How to Pass the ACT Expert Guide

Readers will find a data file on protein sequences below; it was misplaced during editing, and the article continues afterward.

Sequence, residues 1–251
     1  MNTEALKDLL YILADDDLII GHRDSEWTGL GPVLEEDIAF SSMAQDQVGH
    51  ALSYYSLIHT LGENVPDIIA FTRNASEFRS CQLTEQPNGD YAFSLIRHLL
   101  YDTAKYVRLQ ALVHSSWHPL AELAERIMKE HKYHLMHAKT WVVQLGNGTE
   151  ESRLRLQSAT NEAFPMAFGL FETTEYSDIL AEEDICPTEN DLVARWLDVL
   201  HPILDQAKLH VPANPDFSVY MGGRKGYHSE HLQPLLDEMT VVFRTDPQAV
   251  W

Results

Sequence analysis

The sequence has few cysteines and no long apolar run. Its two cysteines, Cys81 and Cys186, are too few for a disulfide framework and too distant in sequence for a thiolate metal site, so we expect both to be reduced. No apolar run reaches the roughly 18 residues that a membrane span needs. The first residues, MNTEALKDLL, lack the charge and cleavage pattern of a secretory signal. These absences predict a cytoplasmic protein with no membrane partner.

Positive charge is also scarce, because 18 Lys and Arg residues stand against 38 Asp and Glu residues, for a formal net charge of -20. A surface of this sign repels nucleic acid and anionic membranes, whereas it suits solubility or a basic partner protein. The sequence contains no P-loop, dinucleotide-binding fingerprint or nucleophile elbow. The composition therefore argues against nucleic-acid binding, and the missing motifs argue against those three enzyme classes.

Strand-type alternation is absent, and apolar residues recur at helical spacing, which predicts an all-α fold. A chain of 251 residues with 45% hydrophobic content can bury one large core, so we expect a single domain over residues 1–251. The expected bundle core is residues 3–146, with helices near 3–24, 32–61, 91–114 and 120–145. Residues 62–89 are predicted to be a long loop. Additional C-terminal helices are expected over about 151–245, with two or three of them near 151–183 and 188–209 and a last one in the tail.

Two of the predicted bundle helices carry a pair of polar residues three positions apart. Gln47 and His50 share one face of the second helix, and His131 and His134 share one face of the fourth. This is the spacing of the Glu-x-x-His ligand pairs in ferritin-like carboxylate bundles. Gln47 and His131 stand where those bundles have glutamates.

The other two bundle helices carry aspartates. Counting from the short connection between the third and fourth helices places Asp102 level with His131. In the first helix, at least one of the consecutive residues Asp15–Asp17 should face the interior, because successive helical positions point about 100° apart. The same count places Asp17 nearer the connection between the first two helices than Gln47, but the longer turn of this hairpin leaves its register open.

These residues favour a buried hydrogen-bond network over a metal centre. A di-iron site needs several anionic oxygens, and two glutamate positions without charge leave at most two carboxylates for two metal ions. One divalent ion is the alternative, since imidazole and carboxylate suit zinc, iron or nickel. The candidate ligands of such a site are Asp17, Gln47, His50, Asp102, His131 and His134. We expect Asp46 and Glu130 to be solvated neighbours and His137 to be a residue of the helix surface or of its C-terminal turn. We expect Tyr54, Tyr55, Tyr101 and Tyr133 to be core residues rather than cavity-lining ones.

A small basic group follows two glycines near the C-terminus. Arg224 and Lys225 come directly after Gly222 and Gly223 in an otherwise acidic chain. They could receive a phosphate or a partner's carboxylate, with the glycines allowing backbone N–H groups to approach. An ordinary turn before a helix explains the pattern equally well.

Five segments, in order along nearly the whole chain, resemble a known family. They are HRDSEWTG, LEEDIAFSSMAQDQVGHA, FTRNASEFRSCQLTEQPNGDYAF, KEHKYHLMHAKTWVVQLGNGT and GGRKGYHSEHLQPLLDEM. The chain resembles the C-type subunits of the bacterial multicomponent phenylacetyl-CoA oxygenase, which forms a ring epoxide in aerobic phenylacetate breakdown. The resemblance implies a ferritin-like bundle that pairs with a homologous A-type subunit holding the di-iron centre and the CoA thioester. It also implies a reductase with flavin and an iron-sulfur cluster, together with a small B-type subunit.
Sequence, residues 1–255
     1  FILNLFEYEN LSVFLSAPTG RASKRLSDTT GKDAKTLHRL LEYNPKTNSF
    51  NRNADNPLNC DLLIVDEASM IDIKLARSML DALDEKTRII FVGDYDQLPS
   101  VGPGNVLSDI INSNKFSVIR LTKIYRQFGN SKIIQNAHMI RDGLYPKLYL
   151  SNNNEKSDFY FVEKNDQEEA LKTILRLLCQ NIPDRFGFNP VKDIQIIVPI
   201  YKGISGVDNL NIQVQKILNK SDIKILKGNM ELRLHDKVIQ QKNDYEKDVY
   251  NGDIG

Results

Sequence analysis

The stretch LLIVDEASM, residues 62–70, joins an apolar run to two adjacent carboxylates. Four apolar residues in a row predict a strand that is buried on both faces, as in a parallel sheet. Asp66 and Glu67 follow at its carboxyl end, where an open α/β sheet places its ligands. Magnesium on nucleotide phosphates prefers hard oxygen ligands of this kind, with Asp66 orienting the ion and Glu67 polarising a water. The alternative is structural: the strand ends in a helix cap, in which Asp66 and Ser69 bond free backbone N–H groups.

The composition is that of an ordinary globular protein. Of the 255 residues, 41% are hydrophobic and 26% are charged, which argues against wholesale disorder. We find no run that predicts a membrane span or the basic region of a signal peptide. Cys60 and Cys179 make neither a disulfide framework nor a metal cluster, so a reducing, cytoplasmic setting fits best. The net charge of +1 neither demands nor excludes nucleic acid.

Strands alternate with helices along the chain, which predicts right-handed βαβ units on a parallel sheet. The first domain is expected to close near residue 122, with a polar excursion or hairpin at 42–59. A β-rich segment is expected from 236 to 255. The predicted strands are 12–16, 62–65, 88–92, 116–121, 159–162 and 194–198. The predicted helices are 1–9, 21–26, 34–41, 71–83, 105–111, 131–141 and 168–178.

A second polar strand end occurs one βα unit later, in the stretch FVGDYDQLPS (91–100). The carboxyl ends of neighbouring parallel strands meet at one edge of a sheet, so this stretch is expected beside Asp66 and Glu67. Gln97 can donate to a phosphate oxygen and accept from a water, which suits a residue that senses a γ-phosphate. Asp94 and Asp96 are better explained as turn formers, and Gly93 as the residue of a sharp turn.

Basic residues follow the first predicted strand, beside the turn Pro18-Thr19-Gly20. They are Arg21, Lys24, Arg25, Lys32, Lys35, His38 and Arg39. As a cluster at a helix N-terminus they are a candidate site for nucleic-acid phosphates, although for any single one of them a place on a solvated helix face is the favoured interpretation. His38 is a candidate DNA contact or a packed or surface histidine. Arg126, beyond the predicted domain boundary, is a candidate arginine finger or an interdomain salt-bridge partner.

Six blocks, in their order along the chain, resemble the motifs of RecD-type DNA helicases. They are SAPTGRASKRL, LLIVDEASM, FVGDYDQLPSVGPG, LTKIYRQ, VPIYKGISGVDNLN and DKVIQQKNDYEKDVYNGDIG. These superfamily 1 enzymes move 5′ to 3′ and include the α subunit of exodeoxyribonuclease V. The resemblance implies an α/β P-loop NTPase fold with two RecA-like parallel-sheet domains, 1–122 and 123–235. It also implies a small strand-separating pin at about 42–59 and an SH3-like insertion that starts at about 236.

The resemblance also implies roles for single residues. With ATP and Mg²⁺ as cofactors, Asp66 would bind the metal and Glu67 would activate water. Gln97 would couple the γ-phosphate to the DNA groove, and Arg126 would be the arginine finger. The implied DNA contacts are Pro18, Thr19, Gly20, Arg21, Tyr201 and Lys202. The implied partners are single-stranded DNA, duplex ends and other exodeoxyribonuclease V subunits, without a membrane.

How to Pass the ACT Expert Guide SAT / ACT Prep Online Guides and Tips There’s so much info out there about doing well on the ACT - a lot of it is really helpful when it comes to preparing for the test! But this onslaught of information can get pretty overwhelming, especially when you just want a simple answer to a simple question: how do you pass the ACT? What Does It Mean to â€Å"Pass† the ACT? On this test, there’s only a range of possible scores - what constitutes an excellent, poor, or average score will depend heavily on your frame of reference. Ultimately, what defines a passing ACT score is thatit’s high enough to get you into the colleges you’re applying to. This obviously varies widely by student. Your ACT score doesn’t have to be perfect for you to â€Å"pass† (although it never, ever hurts to bring up your score) - it just has to be good enough. Now, this gets a bit complicated because your ACT score is not the only part of your college applications. If your ACT score is particularly low, however, college admissions officers may have higher expectations for other parts of your app (e.g. GPA, extracurriculars). If your score is low enough, your application may get tossed out even if the rest of your app is strong. For the sake of this post, then, I’m going to define a â€Å"passing† ACT score as one that won’t get your application tossed out. Ideally, however, your ACT score will be one that helps (instead of hurts) your college applications. Keep reading to learn more about how to figure out these score benchmarks for yourself. How to Set an ACT Goal Score Before you learnhow to pass the ACT, you have to figure out what passing means for you. This requiresa bit of legwork: namely, researching what ACT scores are correlated with acceptance at the schools you’re interested in. Here’s how you do it: Make a Preliminary List of Schools This doesn’t have to be a final, polished list, but 8-10 schools you’re interested in is a good place to start. Try to select mostly â€Å"target† schools - colleges where you think you’d have a fairly good chance of getting in. You can include 2-3 â€Å"safety† schools and 2-3 â€Å"reach† schools as well, as long as you maintain balance here. Too many safety schools and you might set a target score that’s too low. Too many reach schools and you might set a target score that’s unreasonably, and discouragingly, high. The first time you do this, you may not have a good idea of what schools you’d identify as reach, target, and safety. That’s ok! In fact, it’s kind of the point of this exercise. You can repeat it as many times as necessary throughout the college process, adjusting your list of schools as you go. Look Up Each School’s ACT Info Start by Googling â€Å"PrepScholar [name of school] ACT score.† The first non-ad link that comes up should be the one you want - see below for an example. The first search result here is the one you want. The page will have the average ACT score and the 25th/75th percentile scores for students accepted to that particular school. Take down these numbers for each school. 25th percentile score = 25% of students at the school have an ACT score at or below that number 75th percentile score = 75% of students at the school have an ACT score at or below that number Students with 75th percentile scores or above for a particular school usually have a good shot at getting in, barring any weaknesses or issues with other parts of their application. Students with 25th percentile scores or below usually have other strong application components (e.g. high GPA, great essays) to boost their chances. Set Your Benchmark â€Å"Passing† Score This step is perhaps a bit more subjective, so I’ll be as transparent here as possible. If you want to come to a passing ACT score, you’ll want to look at a school’s 25th percentile ACT scores. This is far from a safe bet, however - your chances of getting in will heavily depend on the strength of the rest of your application if your ACT score is at or around the 25th percentile. If your GPA is lower than average for a particular school, for example, your ACT score would have to be higher in order to make up for it. I think that the best target (read: ideal) ACT score lies at a school’s 75th percentile score. The 75th percentile is a sweet spot because you’d be more competitive (in terms of ACT scores) than  ¾ of students who are accepted to the school. If your typical ACT score is higher than the 75th percentile score, you might want to consider looking at more competitive schools - you want to aim as high as you reasonably can here (more competitive schools often mean better reputations, which tend to lead to better outcomes). Here’s how to set both ideal and â€Å"passing† ACT score benchmarks for yourself: Take the averages of the scores you collected for each school. First the average of the 25th percentile scores, then the average of the 75th percentile scores. The 25th percentile average is your â€Å"passing† goal score - the minimum you should be aiming for. The 75th percentile score is your target score - the score that has a great chance of getting you accepted to the colleges on your list. What If You’re Worried About Reaching Your Target Score, or Even Your Passing Score? Perhaps these scores you’ve calculated seem higher than you would have expected. If your passing score in particular seems intimidatingly high, there are a few things to keep in mind: Remember that your target score (75th percentile average) is an ideal goal. It’s supposed to be higher than what you’re scoring now (or maybe even what you think you can score). If the 25th percentile benchmark seems too high, consider re-evaluating your list of schools. You might want to look at colleges that are slightly less competitive. Conversely, if you’re already at or above that 75th percentile mark, consider looking at more competitive colleges. Strategies for Passing the ACT I’m going to split this section up into two parts meant for two different types of students: low-scorers and high-scorers. Here, I’m defining score parameters by the national performance standards: high scorers are at about 24 and above (75th percentile nationally), whereas low scorers are at about 16 and below (25th percentile nationally). If your performance is closer to the average (20), check out both sections and follow steps that you find most useful. Your best plan from here will depend on both where you are and where you want to be. How to Pass the ACT: Guidance for Low Scorers One problem that a lot of low-scorers have is that they’re unsure of how to focus their time and energy when studying. Understanding your weaknesses is the first and most important step to tackling ACT prep. The biggest issue for low scorers is often significant gaps in content knowledge, so identifying and filling these gaps is typically a priority for ACT prep. Other mistakes may be due to: Running out of time Misunderstanding the question Running out of time Careless errors So how do you go about identifying where your issues are before taking steps to improve on them? First, you’ll have to invest some time in some serious self-analysis involving a baseline score. You can’t focus on improving before figuring out where you need to improve. Here are best practices for getting a solid baseline and gaining info on your weaknesses: Take a full, timed, diagnostic practice test Take note of which questions you got incorrect Tally the reasons for each incorrect question: Content Gap: Did you not have the information you needed to answer correctly? Timing Issue: Would you have gotten the question correct if you hadn’t run out of time? Question Misunderstanding: Would you have gotten the question correct if the question had been more clear? Careless Error: Would you have gotten the question correct if you had spent an extra couple of seconds checking your work? If you find that content knowledge is your biggest problem, you’ll want to turn to your class notes, textbooks, and ACT prep books for review - not just ACT practice materials. We also have a bunch of ACT content guides to get you started: Ultimate ACT English Study Guide Ultimate ACT Science Study Guide Ultimate ACT Math Study Guide Complete Guide to ACT Writing Once you’ve conquered major content problems, you can hone in on specific content areas and work on careless errors and timing issues. You’ll find tips for addressing those problems in the next section. How to Pass the ACT: Guidance for High Scorers If you’re a relatively high scorer, you probably have a general idea of where your major strengths and weaknesses are on the ACT. You’re likely pretty strong on content overall, unlike the typical low scorer. High scorers usually lose points due to three issues: Carelessness: loss of focus leading to silly mistakes Timing problems: you simply run out of time to give each question its due Content gaps: small areas of knowledge that you haven’t mastered 100% If you want to get close to that ideal score, you’ll want to attack each of these potential issues. I’ll address each of these problems in this section, but you may want to check out our detailed guide for high scorers for more info. Carelessness It’s pretty easy to identify a question you’ve missed due to carelessness. You get that horrible feeling when you recognize that you would have gotten the question right, if only you’d paid a tiny bit more attention. Careless mistakes often occur when students aren’t actively reading. Start focusing your attention with these tips: Double-read each question and underline important words. Take notes on passages. In the math section, mark up diagrams with important info and write out your arithmetic. Double- check your answer before marking it down. Timing Issues Running out of time at the end of sections? First, spend less time on easy questions - just keep an eye out for those careless errors. Next, skip tough questions and come back to them later. This doesn’t mean you shouldn’t guess if you’re out of time (there’s no guessing penalty, so you should definitely guess). If you’ve still got plenty of time to work through the section, though, mark the problem question and come back to it later. Timing issues can stress out pretty much everyone, but with practice, you can learn to overcome them. Filling in Content Gaps Your first task here is identifying which questions you get wrong in your practice, and more importantly, why you get them wrong. This means going over all your mistakes after each practice session. Keep a careful tally of each content area every time you identify an error (hint: most content errors happen on the math section). Use your class notes, textbooks, or reliable ACT prep book to review this content. Come back and do more practice problems in this area until you’re confident in your understanding. What You Must Remember About How to Pass the ACT There might not be an official ACT passing score, but that somehow seems to make things more complicated. What you might consider passing will depend on the sorts of schools you hope to get into, but I hope you think more in terms of target or goal scores than just â€Å"good enough† scores. If you’re worried that your ACT scores aren’t up to par, don’t worry just yet - there are tons of things you can do to bring them up, no matter where you might be on the percentile charts. What matters most when setting a passing score are the goals you set for yourself. What’s Next? There are a lot of helpful materials available if you’re worried about â€Å"passing† the ACT. For an overview, read our guide with the four best tips for studying for the test. If you need a fun, refreshing way to study, learn about the five best ACT prep games. Maybe you’re looking for more detailed information. If that’s the case, check out our 10-step ACT study plan. Want to improve your ACT score by 4 points? Check out our best-in-class online ACT prep program. We guarantee your money back if you don't improve your ACT score by 4 points or more. Our program is entirely online, and it customizes your prep program to your strengths and weaknesses. We also have expert instructors who can grade every one of your practice ACT essays, giving feedback on how to improve your score. Check out our 5-day free trial: